Gobbler hunting strategies: The snood reveals the mood
As long as it’s hanging down, you have time.
If only you knew what a turkey was thinking. Then you could better guess when it’s time to shoot, or hold off and let it keep coming. If only there was a way to get a reading on a gobbler’s degree of excitement or anxiety over the current situation.
There is a way: Study the snood. It reveals the mood. Watching what’s going on with that fleshy appendage hanging from just above the beak will help you know when a turkey is excited about your calling and relaxed about the situation, or when it is tense and may be ready to leave.
It’s the first thing I try to see as a tom is coming to the call. I want to know about that bird’s relative mood, so I can help the shooter know when to try the shot. (These days, I’m almost always sitting behind a camera and/or just along for the show.)
Here’s the main thing to look for, and what it means in a hunting context: If the snood is extended, just hanging there, flopping around, with that blue and red appearance, chances are the turkey is going to stay around and keep getting closer. But if the snood is short, and especially if it changes from hanging loose to shriveled up on top of the head, that turkey is more likely to leave the area.
As is common with physical attributes of birds, biologists mostly believe the snood is a feature used to help attract mates. But it’s also probably a feature that helps boy turkeys intimidate other boy turkeys.
Studies with tame turkeys appear to show hens prefer to mate with toms that have longer snoods. Studies also seem to indicate tom turkeys with longer snoods are more intimidating to other toms. One study used fake turkeys that differed only in snood length, and showed real toms were more likely to try to steal corn from a tom with a shorter snood.
What’s funny about the literature is that it’s often stated that when a tom turkey’s snood is retracted (when it’s a short little stub sticking straight up off the top of the head), it’s an indication that the bird is “relaxed.” But I think they’re making a distinction between a funky definition of relaxed, as opposed to being excited; the literature is also full of mentions that the snood becomes engorged with blood and hangs down when a gobbler gets excited. In this case, excited can mean the turkey is about to get in a fight with another turkey, or the tom is excited about the prospect of getting together with a hen during the mating season.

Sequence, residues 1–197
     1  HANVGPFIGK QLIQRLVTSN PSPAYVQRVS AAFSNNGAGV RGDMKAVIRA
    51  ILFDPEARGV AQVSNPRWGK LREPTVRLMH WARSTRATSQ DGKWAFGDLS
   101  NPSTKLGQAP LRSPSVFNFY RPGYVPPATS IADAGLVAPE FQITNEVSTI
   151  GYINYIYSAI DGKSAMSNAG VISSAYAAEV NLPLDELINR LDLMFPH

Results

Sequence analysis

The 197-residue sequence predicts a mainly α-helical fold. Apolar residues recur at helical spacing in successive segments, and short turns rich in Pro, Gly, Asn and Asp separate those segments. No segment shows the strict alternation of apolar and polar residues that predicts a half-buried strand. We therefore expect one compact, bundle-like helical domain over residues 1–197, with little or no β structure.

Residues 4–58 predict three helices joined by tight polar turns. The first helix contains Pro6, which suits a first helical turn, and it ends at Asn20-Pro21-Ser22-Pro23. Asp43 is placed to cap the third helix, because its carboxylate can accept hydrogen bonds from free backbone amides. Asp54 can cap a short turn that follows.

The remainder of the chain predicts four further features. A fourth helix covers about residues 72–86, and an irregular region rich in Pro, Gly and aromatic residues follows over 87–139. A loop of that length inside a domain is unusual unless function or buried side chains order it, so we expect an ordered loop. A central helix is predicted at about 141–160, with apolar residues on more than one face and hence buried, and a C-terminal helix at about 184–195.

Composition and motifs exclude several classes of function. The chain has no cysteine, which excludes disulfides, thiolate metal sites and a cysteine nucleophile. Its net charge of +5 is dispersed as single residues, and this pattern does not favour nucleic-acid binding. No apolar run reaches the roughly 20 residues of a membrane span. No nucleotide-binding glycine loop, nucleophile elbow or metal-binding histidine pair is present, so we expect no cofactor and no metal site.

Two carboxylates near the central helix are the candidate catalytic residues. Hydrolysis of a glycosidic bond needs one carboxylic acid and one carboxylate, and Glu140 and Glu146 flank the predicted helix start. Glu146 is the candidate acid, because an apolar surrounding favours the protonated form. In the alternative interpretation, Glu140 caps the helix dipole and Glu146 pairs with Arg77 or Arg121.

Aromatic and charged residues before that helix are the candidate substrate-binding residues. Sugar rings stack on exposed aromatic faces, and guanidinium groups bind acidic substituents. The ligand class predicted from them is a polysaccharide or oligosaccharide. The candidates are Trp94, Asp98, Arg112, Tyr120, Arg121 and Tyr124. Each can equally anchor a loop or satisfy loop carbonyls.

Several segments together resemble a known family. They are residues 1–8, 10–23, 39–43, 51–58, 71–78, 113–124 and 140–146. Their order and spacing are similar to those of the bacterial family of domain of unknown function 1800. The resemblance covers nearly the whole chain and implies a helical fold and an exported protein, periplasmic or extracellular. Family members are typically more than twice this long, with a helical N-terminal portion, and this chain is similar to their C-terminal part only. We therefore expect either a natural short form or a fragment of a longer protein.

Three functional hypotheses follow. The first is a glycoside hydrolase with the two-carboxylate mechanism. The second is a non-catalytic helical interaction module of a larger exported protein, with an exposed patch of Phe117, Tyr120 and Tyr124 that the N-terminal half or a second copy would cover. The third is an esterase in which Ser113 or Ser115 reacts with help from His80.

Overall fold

In my experience, when a turkey’s snood is retracted into a little bump on top of its head, there is high anxiety involved. When turkeys hear a sound they don’t like, or see something they don’t like, the snood shrivels up in a split second, body posture tightens, and the bird almost always begins moving away from the source of the problem.
So we come back to the hunt. When you have a gobbler coming in, look for the snood and see what state it’s in. If the tom has been gobbling hard and coming good, the snood will almost always (maybe it is always!) be hanging down loose. That turkey is fired up and more oblivious to potential danger. As long as the snood is relaxed, I believe the bird “isn’t going anywhere,” as they say.
If I’m with a new hunter who doesn’t have a lot of experience with getting the gun up and taking the shot, I whisper to him or her to take as much time as needed and wait for just the right shot. If the bird is looking generally in our direction, I urge the shooter to hold stone still, even if he or she will need to move a bit to get the gun all the way into position to shoot when the time comes. A loose-hanging snood tells you there is time. Wait until the turkey goes into strut and turns his back to you, or goes behind a thick tree trunk, or otherwise looks away, before getting the gun into final shooting position.
But if something happens – such as the shooter moving a bit to try to get the gun up – and the turkey sees it, really watch the snood. If it shrivels and the bird tenses, your time is almost up. At that point, the shooter really has to try the shot if there is one. (If you don’t have a good shot, hold off. There are plenty of worse things than having a close encounter with a turkey that ends up walking away.)
The snood is a big deal. We talk about it at the wild turkey hunting clinic put on by the Minnesota DNR and National Wild Turkey Federation, so new hunters know about it. Making good decisions when a turkey moves into shooting range makes all the difference. You’re aiming for a clean kill, and it helps to be decisive.
From now on, keep in mind the turkey’s next move is often given away by that funny flap of skin. His mood is as plain as the state of the snood on his face.